Dreams never end: Manchester's culture, football & music – Man Utd

Tee Rasheed
6 Min Read

Following the of launch another collaboration between Manchester United, adidas and legendary designer Peter Saville, Mancunian music journalist Luke Bainbridge explores the city’s everlasting obsession with the worlds of football, music and culture…

Cantona knew. The United legend, recently reborn himself as a singer-songwriter, instantly recognised, when he arrived in Manchester in the mid-’90s, that this was a city driven by the twin obsessions of football and music. This is the place, realised football’s ultimate renaissance man, this is home.

“I feel close to the rebelliousness and vigour of the youth here,” Cantona said. “Perhaps time will separate us, but nobody can deny that here, behind the windows of Manchester, there is an insane love of football, of celebration and of music.”

Those twin cultural obsessions are now being embraced and celebrated again, with a second collaboration between United, adidas and Peter Saville, the legendary designer of Factory Records. Following the success of their first collaboration on last year’s Pulsebeat of Manchester collection, adidas, United and Saville have worked together again on season two of Manchester United x Peter Saville.

Inspired by Manchester’s cultural heritage, this is what happens when music and football combine.
Where Pulsebeat took Saville’s artwork for Joy Division’s Unknown Pleasures as inspiration, the second Saville season, entitled Concilio et Labore (‘By Counsel and Work’) the motto from the Manchester Coat of Arms, is inspired by the iconic artwork of the sleeve of New Order’s Blue Monday, which included Saville’s use of a colour bar to communicate the titles and catalogue numbers, and was recently recreated on the cover of United Review. Like Pulsebeat, the second season is a nod to the cultural rebirth of Manchester in recent decades, powered in no small way by the iconic cultural institutions of Factory and Manchester United.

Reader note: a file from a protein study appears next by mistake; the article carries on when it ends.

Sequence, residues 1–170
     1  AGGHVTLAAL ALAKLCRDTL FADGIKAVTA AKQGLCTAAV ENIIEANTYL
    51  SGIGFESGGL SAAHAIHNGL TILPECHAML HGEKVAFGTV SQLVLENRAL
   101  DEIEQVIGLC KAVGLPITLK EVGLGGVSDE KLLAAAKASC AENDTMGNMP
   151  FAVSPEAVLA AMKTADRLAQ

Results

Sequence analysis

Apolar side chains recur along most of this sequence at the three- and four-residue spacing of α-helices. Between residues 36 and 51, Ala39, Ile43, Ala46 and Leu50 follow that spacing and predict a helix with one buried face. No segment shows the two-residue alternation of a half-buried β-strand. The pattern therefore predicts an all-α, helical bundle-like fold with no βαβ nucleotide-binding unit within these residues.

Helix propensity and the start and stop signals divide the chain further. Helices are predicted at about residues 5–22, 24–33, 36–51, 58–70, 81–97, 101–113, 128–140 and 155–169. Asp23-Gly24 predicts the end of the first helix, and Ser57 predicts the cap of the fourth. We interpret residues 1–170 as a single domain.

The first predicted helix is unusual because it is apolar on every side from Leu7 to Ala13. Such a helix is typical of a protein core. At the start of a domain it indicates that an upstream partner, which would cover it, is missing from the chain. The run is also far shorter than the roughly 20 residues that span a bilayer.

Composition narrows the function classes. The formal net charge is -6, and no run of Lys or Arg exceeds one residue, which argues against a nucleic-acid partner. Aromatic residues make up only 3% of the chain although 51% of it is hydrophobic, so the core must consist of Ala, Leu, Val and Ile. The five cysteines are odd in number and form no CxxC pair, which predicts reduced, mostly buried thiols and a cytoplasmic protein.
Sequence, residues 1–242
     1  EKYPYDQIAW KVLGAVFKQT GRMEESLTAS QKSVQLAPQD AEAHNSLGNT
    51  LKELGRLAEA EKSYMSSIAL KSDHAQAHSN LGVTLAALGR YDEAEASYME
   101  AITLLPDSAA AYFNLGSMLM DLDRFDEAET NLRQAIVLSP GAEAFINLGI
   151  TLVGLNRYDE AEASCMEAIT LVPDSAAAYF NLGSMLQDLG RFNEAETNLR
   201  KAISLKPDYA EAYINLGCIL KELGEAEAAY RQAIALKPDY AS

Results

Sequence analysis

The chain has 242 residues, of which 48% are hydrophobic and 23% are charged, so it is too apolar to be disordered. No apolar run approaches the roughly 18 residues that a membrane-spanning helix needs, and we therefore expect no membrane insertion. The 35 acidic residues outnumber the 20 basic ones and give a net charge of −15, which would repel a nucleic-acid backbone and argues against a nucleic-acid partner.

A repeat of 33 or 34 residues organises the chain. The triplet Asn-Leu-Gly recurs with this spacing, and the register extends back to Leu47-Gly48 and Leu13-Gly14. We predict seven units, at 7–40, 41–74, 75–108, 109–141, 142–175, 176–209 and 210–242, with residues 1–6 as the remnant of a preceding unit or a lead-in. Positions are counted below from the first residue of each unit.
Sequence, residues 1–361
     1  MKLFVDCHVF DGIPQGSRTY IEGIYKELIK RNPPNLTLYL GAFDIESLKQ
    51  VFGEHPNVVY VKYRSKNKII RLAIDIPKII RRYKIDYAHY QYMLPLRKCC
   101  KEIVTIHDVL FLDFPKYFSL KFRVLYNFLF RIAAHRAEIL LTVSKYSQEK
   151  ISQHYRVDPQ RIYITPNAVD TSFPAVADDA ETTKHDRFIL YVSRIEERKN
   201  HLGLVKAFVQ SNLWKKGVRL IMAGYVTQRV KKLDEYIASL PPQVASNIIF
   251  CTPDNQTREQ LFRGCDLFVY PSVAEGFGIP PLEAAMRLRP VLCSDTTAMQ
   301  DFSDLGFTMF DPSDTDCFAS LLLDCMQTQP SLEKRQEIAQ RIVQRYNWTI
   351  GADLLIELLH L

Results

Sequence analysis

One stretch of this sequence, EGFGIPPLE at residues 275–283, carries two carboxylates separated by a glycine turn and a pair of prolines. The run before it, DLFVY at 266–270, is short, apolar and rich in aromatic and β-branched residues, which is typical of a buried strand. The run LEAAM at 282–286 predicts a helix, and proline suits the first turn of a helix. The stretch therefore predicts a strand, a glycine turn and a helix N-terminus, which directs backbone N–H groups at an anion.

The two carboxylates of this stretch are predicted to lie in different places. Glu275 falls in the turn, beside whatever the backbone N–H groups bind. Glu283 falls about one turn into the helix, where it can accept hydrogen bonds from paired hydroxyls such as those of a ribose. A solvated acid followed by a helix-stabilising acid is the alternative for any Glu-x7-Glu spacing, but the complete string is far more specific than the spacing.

From the late ’70s to the ’90s, straddling punk and acid house, Factory was the most important record label in Britain, if not the world. It kickstarted the cultural rebirth of Manchester and the finding and rebuilding of a new civic identity. Even Factory’s name was inspired by a wilfulness to reinvent the post-industrial city – “We kept seeing signs everywhere saying, ‘Factory closing’, so we thought ‘why don’t we have a Factory opening?’”.

Like Sir Matt Busby and Sir Alex Ferguson, Factory’s civic attitude reflected that of the ancient Greeks; the lofty ambition and determination to leave behind something greater, better, and more beautiful than that which they inherited. There’s myth in the national press and London that the IRA bomb in the summer of 1996 started the regeneration of Manchester, but the truth is the rebirth and renaissance of the city had started much earlier. At that point, Manchester was already a city in transition. It may have suffered in the 1970s, like all British post-industrial cities, but by the late ’80s and early ’90s, the republic of Mancunia was rediscovering its zeal. As were United… and then some.

Coming of age in Manchester at the time, I witnessed the city reinvent itself around me, drawing inspiration and confidence from its art and artists. Culture and football replaced cotton as the city’s greatest export, and the foundations for both its excess of civic pride and its international reputation. The buoyant music scene and domination of United put Manchester back on the global map and enthused the population. You don’t get a town like this for nothing.
The collection includes a T-shirt, long sleeve T-shirt, track top, half zips and track pants, all of which feature a new interpretation of Saville’s colour bar down the sleeves or leg. The collection was worn by the United players on the way to the home match against Newcastle, as well as for the pre-match warm-up.

The most unique and covetable item is the release of a limited edition United x Saville concept album entitled Sound of Manchester. One side of the album features iconic Salford poet and lifelong United fan John Cooper Clarke, talking about the history and power of Manchester culture, and the flipside features a previously unreleased recording of the crowd from Old Trafford from the season-defining game against Sheffield Wednesday in 1993, when United came from behind with two late Steve Bruce headers, and went on to win the inaugural Premier League title. There is also a short Clockwork Orange-inspired film which features members of United’s men and women’s first team supervising the pressing and mastering of the bespoke vinyl.

Everyone knows Manchester kids have the best record collections and this unique Peter Saville x United album will be a covetable addition to any Mancunian vinyl collection.
Take a look at the closer details of our latest collection…
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